When an IRS Audit Triggers a Criminal Tax Fraud Investigation
May 31, 2023
Audits conducted by the Internal Revenue Service (IRS) can have a variety of outcomes. In some cases, they can simply confirm taxpayers’ compliance with the Internal Revenue Code. In others, they can lead to liability for back taxes, interest and penalties; and, in others still, they can trigger criminal tax fraud investigations.
Not all violations of the Internal Revenue Code constitute criminal tax fraud. In fact, the majority of taxpayer mistakes do not come close to warranting criminal prosecution. But, if a taxpayer’s mistake involves willfully or intentionally attempting to mislead the IRS rather than inadvertently underreporting tax liability, then revenue agents may determine that further scrutiny is warranted.
Understanding the Varying Risks of IRS Audits and IRS CI Investigations
Tax audits are civil in nature. This means that audited taxpayers are not at risk for prosecution, and prison time is not on the table. However, if an audit triggers a criminal tax fraud investigation, all of this changes. If Special Agents at IRS Criminal Investigation (IRS CI) collect sufficient evidence of criminal tax fraud, they can engage the U.S. Department of Justice (DOJ) to seek an indictment, and, if indicted and convicted, taxpayers can face both criminal fines and federal imprisonment.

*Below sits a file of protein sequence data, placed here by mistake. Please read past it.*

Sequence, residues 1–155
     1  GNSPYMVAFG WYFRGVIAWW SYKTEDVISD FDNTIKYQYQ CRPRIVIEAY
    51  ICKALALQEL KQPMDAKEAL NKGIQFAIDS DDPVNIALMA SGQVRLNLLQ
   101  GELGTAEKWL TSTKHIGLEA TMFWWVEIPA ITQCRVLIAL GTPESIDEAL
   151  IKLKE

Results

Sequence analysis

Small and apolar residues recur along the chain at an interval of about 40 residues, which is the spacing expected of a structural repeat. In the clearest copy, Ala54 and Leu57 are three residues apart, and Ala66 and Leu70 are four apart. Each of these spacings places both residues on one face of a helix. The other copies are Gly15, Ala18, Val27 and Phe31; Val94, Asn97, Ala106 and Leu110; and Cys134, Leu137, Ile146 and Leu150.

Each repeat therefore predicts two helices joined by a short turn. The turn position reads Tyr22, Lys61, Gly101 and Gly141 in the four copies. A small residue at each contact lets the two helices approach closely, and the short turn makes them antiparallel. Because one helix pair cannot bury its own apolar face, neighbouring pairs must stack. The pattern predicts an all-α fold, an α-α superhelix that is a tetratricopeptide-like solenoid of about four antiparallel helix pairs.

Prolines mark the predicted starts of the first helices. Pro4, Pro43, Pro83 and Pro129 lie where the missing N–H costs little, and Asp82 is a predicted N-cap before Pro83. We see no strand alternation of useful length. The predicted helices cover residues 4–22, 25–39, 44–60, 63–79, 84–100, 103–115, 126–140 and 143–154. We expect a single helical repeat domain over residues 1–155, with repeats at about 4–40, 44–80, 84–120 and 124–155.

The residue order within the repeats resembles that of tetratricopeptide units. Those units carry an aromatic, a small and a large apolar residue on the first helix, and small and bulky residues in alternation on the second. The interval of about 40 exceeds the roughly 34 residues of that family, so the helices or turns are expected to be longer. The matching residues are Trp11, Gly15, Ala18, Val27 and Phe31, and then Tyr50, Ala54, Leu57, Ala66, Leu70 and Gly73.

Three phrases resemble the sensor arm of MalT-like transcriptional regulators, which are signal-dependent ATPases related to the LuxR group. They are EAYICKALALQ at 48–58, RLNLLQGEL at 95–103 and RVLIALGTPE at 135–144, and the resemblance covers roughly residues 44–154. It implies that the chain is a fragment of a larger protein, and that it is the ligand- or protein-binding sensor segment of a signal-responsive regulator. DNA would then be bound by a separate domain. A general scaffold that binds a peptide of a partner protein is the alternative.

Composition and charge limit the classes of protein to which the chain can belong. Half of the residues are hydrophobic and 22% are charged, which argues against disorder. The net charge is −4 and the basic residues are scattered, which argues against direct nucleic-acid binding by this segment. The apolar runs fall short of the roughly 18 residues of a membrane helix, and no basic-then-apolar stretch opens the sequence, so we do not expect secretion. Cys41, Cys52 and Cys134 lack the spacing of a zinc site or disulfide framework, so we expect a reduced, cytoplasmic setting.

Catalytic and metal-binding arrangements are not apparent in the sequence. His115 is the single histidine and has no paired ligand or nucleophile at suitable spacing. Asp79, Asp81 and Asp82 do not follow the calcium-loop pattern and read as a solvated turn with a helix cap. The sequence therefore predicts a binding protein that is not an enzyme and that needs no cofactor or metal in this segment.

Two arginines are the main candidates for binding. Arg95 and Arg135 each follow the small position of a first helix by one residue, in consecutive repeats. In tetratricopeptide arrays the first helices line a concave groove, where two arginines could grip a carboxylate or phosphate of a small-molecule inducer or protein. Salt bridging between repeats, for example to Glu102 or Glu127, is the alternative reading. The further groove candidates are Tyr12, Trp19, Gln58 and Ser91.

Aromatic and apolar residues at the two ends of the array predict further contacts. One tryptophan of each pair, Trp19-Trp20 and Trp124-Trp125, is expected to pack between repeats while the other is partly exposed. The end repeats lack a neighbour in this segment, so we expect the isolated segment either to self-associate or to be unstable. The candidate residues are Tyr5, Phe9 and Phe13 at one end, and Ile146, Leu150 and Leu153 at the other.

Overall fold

With this in mind, while taxpayers always need to take IRS audits seriously, taxpayers must be especially careful if there is a risk that an audit could lead to further scrutiny. If it is too late to avoid a criminal investigation, audited taxpayers must promptly engage experienced tax counsel to deal with IRS CI on their behalf.
What to Do When an IRS Audit Leads to a Criminal Tax Fraud Investigation
Let’s say you’ve been audited by the IRS. Let’s also say that following the audit, you have been contacted by a Special Agent from IRS CI. At this point, what are your next steps?
When dealing with any type of criminal tax matter, there are several steps you need to take promptly. While each individual circumstance is unique, generally speaking, the steps involved in responding to a criminal tax fraud investigation include the following:
- Engage Experienced Tax Counsel Promptly – At this point, you need to engage experienced tax counsel, and you should do so right away. You need to ensure that you are making informed decisions based on the advice of counsel, and you will want to have your lawyer deal with IRS CI on your behalf. Trying to deal with IRS CI directly can be extremely risky, and if you aren’t careful, you could easily end up making mistakes that compromise your ability to execute a successful defense.
- Work with Your Tax Counsel to Assess Your Risk – Working with your tax counsel, you should promptly gauge your risk in the investigation. This involves conducting a comprehensive and unbiased review of the relevant facts and circumstances, with a focus on discerning what (if anything) Special Agents may find that could warrant criminal prosecution. By conducting this review with your tax counsel, the process and the outcome will be covered under the attorney-client privilege, and you will be able to make confident and strategic decisions about how best to handle the investigation.